This story first appeared in the May 6 issue of The Hollywood Reporter magazine. To receive the magazine, click here to subscribe.
Will the television industry be a potential beneficiary of a coming upheaval in the digital media world? On April 12, observers were stunned by a Financial Times report that digital darling BuzzFeed missed its 2015 revenue targets of $250 million by at least $80 million. The privately held company vigorously denied the story, but it came just days after another hot digital outlet, Mashable, slashed jobs, which followed similar cuts at The Huffington Post and International Business Times.
The issue: Audience growth rates are slowing and advertising rates are dropping despite the fact people are spending more time consuming online content. “It may be hard for a lot of these brands to collect enough eyeballs to be the big, profitable businesses that they hope to be,” explains UC Berkeley journalism professor Alan Mutter. As a result, many editorially driven companies are shifting their attention to video. Media analyst Ken Doctor calls the trend a “significant recalibration” as high-flying digital startups chase the higher ad rates that go hand in hand with viral video clips and premium series.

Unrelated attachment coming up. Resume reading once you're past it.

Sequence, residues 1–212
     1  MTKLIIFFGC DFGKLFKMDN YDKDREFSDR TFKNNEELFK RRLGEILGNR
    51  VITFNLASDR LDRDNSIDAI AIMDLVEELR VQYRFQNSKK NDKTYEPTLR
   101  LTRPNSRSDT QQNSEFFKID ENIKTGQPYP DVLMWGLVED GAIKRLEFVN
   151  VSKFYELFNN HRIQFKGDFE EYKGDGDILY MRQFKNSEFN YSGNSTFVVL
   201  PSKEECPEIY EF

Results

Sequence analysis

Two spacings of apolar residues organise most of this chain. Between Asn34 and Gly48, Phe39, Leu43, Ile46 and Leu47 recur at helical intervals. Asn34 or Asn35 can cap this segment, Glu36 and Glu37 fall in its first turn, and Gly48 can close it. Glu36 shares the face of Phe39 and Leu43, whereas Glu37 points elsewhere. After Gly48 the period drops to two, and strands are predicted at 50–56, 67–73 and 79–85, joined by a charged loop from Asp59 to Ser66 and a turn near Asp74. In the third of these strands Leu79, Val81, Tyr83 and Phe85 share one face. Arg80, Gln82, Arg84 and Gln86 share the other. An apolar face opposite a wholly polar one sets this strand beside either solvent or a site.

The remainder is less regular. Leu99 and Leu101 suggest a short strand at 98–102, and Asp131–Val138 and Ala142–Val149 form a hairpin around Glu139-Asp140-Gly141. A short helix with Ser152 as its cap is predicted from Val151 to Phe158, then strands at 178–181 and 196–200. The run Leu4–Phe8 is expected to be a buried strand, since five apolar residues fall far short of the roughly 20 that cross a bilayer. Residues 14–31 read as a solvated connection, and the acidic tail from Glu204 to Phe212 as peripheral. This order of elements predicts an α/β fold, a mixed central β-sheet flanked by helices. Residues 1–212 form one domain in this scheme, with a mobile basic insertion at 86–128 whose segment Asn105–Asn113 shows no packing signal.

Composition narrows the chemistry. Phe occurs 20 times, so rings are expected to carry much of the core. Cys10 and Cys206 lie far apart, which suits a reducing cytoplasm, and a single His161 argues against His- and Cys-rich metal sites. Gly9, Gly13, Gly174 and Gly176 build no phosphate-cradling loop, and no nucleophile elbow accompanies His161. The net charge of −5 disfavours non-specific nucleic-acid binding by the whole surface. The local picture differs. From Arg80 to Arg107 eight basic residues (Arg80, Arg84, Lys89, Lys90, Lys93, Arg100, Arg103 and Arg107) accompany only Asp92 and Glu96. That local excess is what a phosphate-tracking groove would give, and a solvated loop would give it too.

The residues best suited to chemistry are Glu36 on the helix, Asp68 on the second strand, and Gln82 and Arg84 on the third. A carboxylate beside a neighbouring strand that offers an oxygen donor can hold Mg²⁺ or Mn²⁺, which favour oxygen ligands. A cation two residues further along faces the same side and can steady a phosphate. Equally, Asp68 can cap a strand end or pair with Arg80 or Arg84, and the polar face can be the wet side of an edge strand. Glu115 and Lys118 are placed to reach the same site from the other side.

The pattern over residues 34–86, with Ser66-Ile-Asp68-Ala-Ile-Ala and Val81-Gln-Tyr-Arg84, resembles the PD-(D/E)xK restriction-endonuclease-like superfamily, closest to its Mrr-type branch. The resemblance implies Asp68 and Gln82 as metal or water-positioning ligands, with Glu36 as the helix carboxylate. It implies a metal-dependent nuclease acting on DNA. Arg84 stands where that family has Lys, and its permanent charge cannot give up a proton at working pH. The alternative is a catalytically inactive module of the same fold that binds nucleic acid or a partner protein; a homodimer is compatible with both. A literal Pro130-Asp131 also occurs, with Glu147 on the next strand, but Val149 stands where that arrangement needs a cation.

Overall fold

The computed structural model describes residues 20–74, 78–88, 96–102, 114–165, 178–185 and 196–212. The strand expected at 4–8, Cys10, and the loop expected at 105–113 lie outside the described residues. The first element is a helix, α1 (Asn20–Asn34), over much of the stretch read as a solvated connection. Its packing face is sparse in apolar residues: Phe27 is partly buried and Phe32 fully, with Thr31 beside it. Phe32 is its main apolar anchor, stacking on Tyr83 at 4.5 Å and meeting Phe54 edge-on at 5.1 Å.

Web boosters predict online ads eventually will cannibalize TV budgets, but that industry-altering moment has yet to occur. And TV upfront ad spending, which kicks off May 16 with NBCUniversal’s annual sales pitch, actually is expected to see an uptick this year after three straight years of declines. No wonder, then, that Vice has launched cable channel Viceland, Mashable is using a Turner investment to reorient toward TV content, Vox Media has launched a Hollywood-based division to bring its brands to linear platforms, and even BuzzFeed is leveraging its new ties with NBCUniversal. Notes BTIG media analyst Rich Greenfield, “There is still a lot of money in TV.